SERAING, Belgium (AP) -- Tour de France yellow jersey holder Fabian Cancellara has overcome many difficulties since an awful crash in April sidelined him for weeks and nearly kept him from racing in cycling's showcase.
"There were many hard moments - for sure when I was lying on the ground in the feed zone after the crash, that was hard," the Swiss rider said a day after he capped a triumphant comeback to the sport by dominating the Tour's opening time trial.
The four-time world champion time trialist had to be operated on in early April after a crash in the Tour of Flanders one-day race left him with a triple fracture of his right collarbone.
Cancellara finished second behind Peter Sagan in Sunday's stage, a hilly, 123-mile race through the Ardennes in southern Belgium. The reigning Olympic time trial champion kept the yellow jersey by 7 seconds over race favorite Bradley Wiggins.
The rider, nicknamed "Spartacus" by cycling fans because of his imposing stature, said that the hardest part of his comeback from injury came when he restarted training weeks after the crash.
"That's when I saw how fast you can lose your condition," said Cancellara, who says he'd been in the best condition of his career before the crash.
The RadioShack Nissan racer says he will try to keep the yellow jersey in Monday's stage, a flat 129-mile run from Vise to Tournai, Belgium, a stage likely to end in a mass sprint.
The race returns to France for the third stage on Tuesday, and Cancellara says he thinks he can keep the yellow jersey at least until then. "I'd like to bring this jersey back to France as I have done the other years," said Cancellara, who has won the Tour's opening prologue a record five times, each time in years when the Tour began outside of its home country.
Sunday's stage was won by rising cycling star Sagan of Slovakia, while title contenders Wiggins of Britain and defending champion Cadel Evans trailed close behind in the pack after the loop from Liege to suburban Seraing that featured five low-grade climbs.
The 22-year-old Sagan, the second youngest rider in the 2012 Tour, collected his first Tour stage win in a three-man sprint ahead of Cancellara in second and Edvald Boasson Hagen of Norway in third. It was a spirited defense by the Swiss rider of the yellow jersey that many expect he'll lose in the mountains later in the race - if not earlier.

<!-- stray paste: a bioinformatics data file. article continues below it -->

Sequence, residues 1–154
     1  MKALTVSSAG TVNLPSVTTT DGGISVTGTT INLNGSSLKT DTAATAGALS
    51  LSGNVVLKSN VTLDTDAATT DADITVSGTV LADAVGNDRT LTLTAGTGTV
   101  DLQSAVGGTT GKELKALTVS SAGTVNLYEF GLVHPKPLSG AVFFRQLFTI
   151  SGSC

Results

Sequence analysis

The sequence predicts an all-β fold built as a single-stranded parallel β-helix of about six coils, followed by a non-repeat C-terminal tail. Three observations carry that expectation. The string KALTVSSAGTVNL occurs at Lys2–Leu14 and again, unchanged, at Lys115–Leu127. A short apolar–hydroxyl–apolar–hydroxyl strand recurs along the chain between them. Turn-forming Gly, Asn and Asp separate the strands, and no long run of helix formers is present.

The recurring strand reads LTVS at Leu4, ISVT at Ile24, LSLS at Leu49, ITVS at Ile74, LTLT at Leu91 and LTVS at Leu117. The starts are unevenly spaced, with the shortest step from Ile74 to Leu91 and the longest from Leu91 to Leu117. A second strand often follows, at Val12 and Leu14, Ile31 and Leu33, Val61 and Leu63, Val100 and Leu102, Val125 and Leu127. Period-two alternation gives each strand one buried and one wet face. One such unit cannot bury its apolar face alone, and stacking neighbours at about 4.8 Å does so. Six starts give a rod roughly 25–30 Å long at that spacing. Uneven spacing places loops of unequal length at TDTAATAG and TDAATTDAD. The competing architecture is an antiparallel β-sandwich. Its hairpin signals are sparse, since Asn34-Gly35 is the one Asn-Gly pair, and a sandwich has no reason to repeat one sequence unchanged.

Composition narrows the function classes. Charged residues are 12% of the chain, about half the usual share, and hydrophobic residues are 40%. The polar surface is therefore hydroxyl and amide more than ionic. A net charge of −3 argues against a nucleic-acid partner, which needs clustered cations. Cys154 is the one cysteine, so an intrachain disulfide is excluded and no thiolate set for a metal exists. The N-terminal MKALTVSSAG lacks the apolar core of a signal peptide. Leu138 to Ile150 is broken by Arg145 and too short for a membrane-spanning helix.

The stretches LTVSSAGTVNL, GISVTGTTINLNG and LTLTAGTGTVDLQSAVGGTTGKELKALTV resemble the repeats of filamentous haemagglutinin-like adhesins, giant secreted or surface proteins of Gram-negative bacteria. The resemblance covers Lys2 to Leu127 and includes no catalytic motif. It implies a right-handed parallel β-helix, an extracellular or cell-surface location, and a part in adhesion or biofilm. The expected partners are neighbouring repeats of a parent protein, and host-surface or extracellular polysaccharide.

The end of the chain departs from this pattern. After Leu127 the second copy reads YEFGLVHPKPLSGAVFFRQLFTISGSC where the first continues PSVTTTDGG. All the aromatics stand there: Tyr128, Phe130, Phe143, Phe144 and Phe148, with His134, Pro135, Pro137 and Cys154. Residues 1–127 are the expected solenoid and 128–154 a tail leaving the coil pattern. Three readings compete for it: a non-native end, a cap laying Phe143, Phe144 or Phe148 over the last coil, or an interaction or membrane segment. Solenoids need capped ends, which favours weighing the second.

The top standings among the leading pre-race contenders didn't change much, though some speedsters who fared well in Saturday's brief prologue lost ground. Cancellara, who won the prologue, leads Sky's Wiggins in second and France's Sylvain Chavanel of Omega Pharma-Quickstep in third another seven seconds back.
Evans, the Australian leader of the BMC team, trails 17 seconds behind Cancellara, but rose to eighth overall as others slipped back in crash traffic or because of a hilly final climb that split the pack in the last two miles.
At least two crashes marred Sunday's stage amid escalating tensions within the pack near the finish, where roadside crowds drew in to get a glimpse of the cyclists.
High-profile riders including Spain's Luis Leon Sanchez and Michael Rogers of Australia went down in one late spill, but got back up. The bad luck continued to stalk Germany's Tony Martin, who went down in a crash early Sunday before recovering. The world time-trial champion had a flat and lost in the prologue the day before.
At one point, with his BMC team leader Evans riding in his wake, Marcus Burghardt of Germany caused his bike to jump to avoid a plastic bottle in a downhill patch about 11 miles from the finish.
Six breakaway riders jumped out of the pack after the first mile, and held onto a lead until less than six miles to go - when the speeding pack overtook all the escapees.
Wiggins wore the best-sprinter's green jersey after placing second in Saturday's prologue - an honor granted to him because Cancellara cannot wear both the green and the yellow jersey.
Evans said a conservative start by the pack set the stage for a "hectic" finish up the final climb. He took a chance with a burst of speed with about a mile and a half to go, after team scouting report led him to believe he could nibble some seconds from his main rivals. But to no avail: instead, he ran into a headwind and the pack was able to keep pace.
"The first stages of the Tour: Everyone's so keen to get going, and everyone's so nervous," said Evans, thanking his BMC teammates to help keep him near the front and away from the jitters in the peloton.